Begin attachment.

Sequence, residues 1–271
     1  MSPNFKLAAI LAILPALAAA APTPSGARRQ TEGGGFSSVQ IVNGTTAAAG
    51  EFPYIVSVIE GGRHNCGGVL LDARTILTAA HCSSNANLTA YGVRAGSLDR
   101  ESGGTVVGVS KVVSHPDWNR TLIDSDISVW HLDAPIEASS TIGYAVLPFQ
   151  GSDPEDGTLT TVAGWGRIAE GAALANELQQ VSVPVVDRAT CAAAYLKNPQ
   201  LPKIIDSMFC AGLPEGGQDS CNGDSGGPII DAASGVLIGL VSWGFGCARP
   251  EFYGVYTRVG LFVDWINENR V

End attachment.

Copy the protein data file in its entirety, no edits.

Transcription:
Sequence, residues 1–271
     1  MSPNFKLAAI LAILPALAAA APTPSGARRQ TEGGGFSSVQ IVNGTTAAAG
    51  EFPYIVSVIE GGRHNCGGVL LDARTILTAA HCSSNANLTA YGVRAGSLDR
   101  ESGGTVVGVS KVVSHPDWNR TLIDSDISVW HLDAPIEASS TIGYAVLPFQ
   151  GSDPEDGTLT TVAGWGRIAE GAALANELQQ VSVPVVDRAT CAAAYLKNPQ
   201  LPKIIDSMFC AGLPEGGQDS CNGDSGGPII DAASGVLIGL VSWGFGCARP
   251  EFYGVYTRVG LFVDWINENR V